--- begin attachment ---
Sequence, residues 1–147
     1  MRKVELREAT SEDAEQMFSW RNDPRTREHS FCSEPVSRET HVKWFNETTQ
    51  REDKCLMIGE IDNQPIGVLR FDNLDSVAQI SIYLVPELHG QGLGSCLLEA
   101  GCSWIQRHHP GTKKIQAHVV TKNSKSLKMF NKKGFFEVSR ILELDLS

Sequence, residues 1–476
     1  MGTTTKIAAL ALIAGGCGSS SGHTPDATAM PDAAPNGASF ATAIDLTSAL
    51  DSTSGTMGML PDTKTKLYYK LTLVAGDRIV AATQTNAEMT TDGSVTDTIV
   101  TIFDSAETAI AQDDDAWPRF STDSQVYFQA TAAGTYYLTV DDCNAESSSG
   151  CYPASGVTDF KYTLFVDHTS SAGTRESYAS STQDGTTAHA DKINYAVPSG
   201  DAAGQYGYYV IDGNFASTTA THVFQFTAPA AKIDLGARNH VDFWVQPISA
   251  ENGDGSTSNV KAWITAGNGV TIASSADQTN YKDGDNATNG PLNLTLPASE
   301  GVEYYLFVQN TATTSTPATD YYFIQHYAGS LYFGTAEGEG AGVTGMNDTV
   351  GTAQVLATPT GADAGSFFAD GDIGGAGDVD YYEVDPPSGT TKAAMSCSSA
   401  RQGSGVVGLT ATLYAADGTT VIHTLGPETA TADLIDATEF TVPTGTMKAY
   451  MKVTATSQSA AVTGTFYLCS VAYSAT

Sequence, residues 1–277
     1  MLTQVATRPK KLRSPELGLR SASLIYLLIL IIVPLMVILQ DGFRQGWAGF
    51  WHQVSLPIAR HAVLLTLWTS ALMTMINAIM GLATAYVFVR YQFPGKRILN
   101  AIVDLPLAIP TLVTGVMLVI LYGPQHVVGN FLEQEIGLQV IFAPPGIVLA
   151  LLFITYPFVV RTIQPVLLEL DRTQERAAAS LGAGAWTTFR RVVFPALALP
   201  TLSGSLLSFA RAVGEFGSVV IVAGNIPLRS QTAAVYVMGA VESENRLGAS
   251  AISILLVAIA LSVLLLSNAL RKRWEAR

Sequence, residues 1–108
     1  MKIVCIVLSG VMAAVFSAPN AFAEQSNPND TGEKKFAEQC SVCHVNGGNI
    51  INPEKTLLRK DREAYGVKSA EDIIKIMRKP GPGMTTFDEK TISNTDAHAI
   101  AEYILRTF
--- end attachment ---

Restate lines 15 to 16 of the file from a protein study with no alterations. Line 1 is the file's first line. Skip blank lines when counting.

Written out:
   451  MKVTATSQSA AVTGTFYLCS VAYSAT

Sequence, residues 1–277